2022 ICS advisory year in review

Courtesy: Verve Industrial
Courtesy: Verve Industrial

Last week Verve released its annual review of the industrial control system (ICS) advisories. You can find the complete report here. 2022 was another year of increase in the number of ICS Advisories released by CISA. It also was the year that the ICS-CERT faded into the history books as the distributor of the advisories, replaced by the CISA brand.

Why dive into the ICS advisory? ICS Advisories provide public awareness of vulnerabilities and risks to software and hardware that comprise industrial control systems. The United States Critical Infrastructure and Cyber Security Administration (CISA) reviews and approves these notices. They provide operators with important context about the risks to systems and potential remediation or mitigation steps to reduce or eliminate those risks. By reviewing them and following their recommendations, operators can improve their chances of defending against attacks on their most critical infrastructure.

As providers of vulnerability management software and services, analyzing the advisories in detail allows us to support our clients in identifying, prioritizing and remediating or mitigating the risks disclosed therein. As operators, analysis of the advisories supports the development of appropriate security strategies for their environments based on real-world risks.

Before we summarize the findings from analyzing all of the advisories, it is important to recognize that there are some consistent recommendations on how to address these risks, which all industrial operators can follow. And some of these fundamentals are critical to effectively leverage these advisories.

First, a key requirement to effectively using the ICS Advisories is having a comprehensive and accurate asset inventory of all firmware versions of all embedded devices as well as full application software inventories on human machine interfaces (HMI), servers, workstations, etc. Verve has been deploying the Verve Security Center for fifteen years across different OEM brands and industrial environments. This endpoint solution gathers this necessary detailed inventory – through backplanes of programmable logic controllers (PLC), down to serially connected firmware versions, full application inventories on HMIs, workstations, etc. This is fundamental to effective ICS advisory vulnerability management.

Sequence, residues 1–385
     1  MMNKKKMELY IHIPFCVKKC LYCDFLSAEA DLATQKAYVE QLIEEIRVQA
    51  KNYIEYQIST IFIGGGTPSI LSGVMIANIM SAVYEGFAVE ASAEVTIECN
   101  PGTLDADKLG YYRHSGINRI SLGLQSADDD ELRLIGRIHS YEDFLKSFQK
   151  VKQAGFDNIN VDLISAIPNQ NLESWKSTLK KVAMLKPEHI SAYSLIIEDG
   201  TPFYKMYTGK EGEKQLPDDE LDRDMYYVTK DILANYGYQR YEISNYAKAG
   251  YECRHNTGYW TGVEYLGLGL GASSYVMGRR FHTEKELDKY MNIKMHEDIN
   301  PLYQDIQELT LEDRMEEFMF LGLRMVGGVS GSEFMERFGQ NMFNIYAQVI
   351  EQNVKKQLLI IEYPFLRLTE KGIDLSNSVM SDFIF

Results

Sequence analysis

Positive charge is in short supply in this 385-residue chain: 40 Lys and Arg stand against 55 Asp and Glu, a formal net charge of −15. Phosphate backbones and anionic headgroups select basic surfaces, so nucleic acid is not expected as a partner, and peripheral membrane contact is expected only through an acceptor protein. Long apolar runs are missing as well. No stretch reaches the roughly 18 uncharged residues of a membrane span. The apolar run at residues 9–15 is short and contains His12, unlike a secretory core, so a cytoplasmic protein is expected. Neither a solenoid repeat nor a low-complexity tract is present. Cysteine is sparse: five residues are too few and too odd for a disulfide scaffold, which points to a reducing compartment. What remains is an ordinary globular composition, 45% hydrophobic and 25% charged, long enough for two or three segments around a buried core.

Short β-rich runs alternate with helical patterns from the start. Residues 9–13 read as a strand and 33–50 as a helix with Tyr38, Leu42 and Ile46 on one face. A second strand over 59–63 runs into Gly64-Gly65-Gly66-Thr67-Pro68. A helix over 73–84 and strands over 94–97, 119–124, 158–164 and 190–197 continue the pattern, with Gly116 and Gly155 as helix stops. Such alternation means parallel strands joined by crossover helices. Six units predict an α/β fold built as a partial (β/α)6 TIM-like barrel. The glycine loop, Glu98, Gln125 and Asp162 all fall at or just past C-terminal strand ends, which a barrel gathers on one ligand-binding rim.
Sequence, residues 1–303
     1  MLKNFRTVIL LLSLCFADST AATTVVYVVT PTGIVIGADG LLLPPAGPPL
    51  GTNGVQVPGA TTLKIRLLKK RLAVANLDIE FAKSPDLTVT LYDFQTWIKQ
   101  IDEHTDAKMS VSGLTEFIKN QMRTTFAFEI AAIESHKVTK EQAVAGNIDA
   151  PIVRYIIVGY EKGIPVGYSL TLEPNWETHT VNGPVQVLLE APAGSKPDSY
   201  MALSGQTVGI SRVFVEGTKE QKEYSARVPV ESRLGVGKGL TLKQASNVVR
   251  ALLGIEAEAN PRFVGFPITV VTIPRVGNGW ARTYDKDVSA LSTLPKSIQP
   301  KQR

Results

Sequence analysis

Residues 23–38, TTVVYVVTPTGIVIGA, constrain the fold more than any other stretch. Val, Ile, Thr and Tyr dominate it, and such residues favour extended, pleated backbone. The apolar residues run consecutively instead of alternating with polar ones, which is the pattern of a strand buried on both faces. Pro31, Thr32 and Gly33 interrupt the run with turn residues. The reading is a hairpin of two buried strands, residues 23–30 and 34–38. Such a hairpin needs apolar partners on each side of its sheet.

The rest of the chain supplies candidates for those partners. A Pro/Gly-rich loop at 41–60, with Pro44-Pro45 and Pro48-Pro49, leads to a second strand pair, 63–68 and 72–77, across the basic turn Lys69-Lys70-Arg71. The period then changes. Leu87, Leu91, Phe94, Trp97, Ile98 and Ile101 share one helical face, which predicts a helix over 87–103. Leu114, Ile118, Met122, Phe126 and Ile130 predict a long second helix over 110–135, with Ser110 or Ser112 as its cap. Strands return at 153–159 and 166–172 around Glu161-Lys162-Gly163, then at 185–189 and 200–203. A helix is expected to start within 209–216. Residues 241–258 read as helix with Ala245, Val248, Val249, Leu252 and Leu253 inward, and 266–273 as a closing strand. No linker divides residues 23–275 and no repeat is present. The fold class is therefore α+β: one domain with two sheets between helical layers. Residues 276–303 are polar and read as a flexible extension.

Second, CISA has a set of common operational technology (OT) security fundamentals, as shown in their graphic below.

These eight foundational elements grow out of the threats that CISA observes every day within the world’s critical infrastructure. They cover networking, endpoint, physical security, etc. As we review the ICS advisory mitigation recommendations, they tend to repeat these core recommendations. See below for the recommendations on the Industroyer2 malware seen in Ukraine in 2022

  • Isolate ICS/SCADA systems and networks from corporate and internet networks using strong perimeter controls and limit any communications entering or leaving ICS/SCADA perimeters.
  • Enforce multifactor authentication for all remote access to ICS networks and devices whenever possible.
  • Have a cyber incident response plan, and exercise it regularly with stakeholders in information technology (IT), cybersecurity and operations.
  • Change all passwords to ICS/SCADA devices and systems on a consistent schedule, especially all default passwords, to device-unique strong passwords to mitigate password brute force attacks and to give defender monitoring systems opportunities to detect common attacks.
  • Ensure OPC UA security is correctly configured with application authentication enabled and explicit trust lists.
  • Ensure the OPC UA certificate private keys and user passwords are stored securely.
  • Maintain known-good offline backups for faster recovery upon a disruptive attack, and conduct hashing and integrity checks on firmware and controller configuration files to ensure the validity of those backups.